# convert loop to list comprehension

Simon Forman rogue_pedro at yahoo.com
Sat Sep 9 09:17:04 CEST 2006

```bvdp at xplornet.com wrote:
<snip>
> Thanks for that, Carl. I think that using the loop is probably what
> I'll end up doing. I had no idea that the listcomp thing would be quite
> a complicated as it is appearing. I had it in my mind that I was
> missing some obvious thing which would create a simple solution :)
>
> Mind you, there are some interesting bits and pieces of code in this

List (and generator) comprehensions are not as bad as all that,
although it took me a little while to figure them out too.  ;-)

They are basically normal for loops with optional if statements:

res = [expression1 for var in some_iter if expression2]

is just like:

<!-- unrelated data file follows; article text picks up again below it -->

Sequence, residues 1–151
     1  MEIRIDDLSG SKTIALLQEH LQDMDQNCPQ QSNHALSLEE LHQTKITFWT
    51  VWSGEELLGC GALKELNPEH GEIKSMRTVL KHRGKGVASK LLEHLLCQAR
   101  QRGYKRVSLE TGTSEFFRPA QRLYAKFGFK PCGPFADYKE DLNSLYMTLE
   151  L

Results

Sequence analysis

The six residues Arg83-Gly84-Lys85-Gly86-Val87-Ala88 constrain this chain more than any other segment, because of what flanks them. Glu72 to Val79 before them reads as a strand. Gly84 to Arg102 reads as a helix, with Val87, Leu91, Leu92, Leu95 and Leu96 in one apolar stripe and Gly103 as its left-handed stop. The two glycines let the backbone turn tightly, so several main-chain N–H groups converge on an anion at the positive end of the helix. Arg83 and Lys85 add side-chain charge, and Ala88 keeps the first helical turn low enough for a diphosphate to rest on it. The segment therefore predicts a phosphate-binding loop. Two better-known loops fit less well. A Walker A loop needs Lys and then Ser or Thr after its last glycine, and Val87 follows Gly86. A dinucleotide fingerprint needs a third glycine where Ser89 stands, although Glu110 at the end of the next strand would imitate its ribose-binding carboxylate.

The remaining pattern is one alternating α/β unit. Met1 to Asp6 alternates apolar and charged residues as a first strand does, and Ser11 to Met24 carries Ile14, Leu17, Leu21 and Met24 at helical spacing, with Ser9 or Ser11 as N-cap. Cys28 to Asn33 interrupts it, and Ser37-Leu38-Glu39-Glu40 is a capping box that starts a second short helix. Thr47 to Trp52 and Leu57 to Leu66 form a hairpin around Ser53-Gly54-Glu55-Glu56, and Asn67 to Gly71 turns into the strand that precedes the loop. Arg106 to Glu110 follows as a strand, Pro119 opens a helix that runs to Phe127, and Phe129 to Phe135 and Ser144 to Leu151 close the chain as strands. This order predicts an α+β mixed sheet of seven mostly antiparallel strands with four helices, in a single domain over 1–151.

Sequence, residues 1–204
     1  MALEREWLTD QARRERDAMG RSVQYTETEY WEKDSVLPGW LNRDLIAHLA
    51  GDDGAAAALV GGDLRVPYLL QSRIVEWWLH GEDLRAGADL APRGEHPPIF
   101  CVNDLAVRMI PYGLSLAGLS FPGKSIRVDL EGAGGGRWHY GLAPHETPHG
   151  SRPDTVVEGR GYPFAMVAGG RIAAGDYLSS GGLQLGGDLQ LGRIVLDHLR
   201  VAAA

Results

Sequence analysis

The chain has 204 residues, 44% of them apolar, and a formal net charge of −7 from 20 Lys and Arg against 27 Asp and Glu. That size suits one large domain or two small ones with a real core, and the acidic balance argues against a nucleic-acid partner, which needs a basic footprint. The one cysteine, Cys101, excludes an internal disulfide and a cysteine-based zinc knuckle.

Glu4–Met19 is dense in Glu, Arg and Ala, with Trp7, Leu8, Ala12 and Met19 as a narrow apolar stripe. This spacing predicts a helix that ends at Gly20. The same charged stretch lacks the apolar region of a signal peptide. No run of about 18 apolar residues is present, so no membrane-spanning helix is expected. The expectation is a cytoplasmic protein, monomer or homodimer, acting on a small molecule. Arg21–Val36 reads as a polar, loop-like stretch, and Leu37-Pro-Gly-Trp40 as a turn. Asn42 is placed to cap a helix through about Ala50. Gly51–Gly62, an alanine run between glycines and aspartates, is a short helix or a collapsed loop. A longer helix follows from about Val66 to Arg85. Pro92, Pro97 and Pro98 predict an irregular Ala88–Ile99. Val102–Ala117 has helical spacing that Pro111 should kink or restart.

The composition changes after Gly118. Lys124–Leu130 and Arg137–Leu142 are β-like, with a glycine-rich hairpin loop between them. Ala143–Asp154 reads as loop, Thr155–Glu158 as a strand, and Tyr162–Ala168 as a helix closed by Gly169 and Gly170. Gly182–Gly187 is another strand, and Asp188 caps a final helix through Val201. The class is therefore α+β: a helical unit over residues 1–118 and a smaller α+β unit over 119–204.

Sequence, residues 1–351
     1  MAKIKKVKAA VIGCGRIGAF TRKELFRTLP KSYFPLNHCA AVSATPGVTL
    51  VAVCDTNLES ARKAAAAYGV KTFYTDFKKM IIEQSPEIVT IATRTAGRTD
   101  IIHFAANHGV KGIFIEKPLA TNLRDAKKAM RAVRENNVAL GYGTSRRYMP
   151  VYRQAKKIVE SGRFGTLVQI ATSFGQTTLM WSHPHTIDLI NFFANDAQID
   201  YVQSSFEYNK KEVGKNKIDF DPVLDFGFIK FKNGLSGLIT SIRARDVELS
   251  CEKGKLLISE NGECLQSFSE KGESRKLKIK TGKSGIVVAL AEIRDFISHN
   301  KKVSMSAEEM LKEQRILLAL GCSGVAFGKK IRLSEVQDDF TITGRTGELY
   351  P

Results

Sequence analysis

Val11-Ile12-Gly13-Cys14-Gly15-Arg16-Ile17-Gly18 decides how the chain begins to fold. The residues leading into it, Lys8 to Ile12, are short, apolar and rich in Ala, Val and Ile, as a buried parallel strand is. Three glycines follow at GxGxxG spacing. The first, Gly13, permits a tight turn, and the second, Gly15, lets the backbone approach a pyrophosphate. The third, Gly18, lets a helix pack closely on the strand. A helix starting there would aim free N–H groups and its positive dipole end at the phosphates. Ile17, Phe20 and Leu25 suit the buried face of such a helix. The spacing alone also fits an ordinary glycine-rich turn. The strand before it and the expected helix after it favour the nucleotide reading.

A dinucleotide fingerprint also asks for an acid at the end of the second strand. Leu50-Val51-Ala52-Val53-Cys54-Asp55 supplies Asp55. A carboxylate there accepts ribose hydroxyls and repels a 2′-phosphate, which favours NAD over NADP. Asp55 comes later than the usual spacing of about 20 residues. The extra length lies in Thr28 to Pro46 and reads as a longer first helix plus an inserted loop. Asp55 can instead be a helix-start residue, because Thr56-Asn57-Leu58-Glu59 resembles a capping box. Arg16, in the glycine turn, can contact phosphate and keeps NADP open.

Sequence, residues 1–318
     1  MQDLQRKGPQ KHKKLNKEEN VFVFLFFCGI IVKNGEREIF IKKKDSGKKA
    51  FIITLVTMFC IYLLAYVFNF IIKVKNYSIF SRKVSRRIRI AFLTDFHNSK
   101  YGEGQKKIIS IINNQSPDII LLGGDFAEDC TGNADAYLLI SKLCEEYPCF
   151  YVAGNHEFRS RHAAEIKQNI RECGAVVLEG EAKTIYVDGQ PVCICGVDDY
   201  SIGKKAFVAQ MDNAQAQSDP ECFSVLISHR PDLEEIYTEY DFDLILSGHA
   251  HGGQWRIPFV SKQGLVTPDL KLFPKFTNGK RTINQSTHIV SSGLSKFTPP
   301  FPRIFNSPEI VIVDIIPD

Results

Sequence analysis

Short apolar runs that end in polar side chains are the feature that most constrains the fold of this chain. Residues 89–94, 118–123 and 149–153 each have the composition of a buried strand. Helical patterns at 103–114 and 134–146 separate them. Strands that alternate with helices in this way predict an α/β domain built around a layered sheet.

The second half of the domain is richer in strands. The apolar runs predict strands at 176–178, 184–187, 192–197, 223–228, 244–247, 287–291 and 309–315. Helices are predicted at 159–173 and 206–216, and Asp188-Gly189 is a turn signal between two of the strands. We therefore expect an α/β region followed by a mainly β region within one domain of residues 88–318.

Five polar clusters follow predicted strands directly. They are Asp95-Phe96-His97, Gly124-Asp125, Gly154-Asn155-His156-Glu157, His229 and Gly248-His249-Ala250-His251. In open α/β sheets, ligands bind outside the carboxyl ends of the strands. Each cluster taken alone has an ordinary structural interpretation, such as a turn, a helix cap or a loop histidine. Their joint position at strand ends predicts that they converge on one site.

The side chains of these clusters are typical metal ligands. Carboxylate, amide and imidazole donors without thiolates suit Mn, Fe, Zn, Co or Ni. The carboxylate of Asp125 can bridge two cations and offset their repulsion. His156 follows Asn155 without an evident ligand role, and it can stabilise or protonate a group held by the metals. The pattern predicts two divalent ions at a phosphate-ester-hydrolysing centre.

res = []
for var in some_iter:
if expression2:
res.append(expression1)

More complex comprehensions can be broken down the same way (like Rob
Williscroft did for his fourth attempt):

res = [i for i, x in enumerate(seq) for _ in xrange(x)]

becomes:

res = []
for i, x in enumerate(seq):
for _ in xrange(x):
res.append(i)

Doing this can help you puzzle out variables and if statements in
complex list comps, as the following, admittedly contrived, examples
indicate:

R = range(10)

res = []
for n in R:
if n % 2:
for m in range(n):
res.append(m)

print res == [m for n in R if n % 2 for m in range(n)]

res2 = []
for n in R:
for m in range(n):
if n % 2:
res2.append(m)

print res2 == [m for n in R for m in range(n) if n % 2]

res3 = []
for n in R:
for m in range(n):
if m % 2:
res3.append(m)

print res3 == [m for n in R for m in range(n) if m % 2]

# The above prints True three times.

Of course, if your loops get much more complicated than this you should
probably "spell them out" anyway.

HTH,
~Simon

```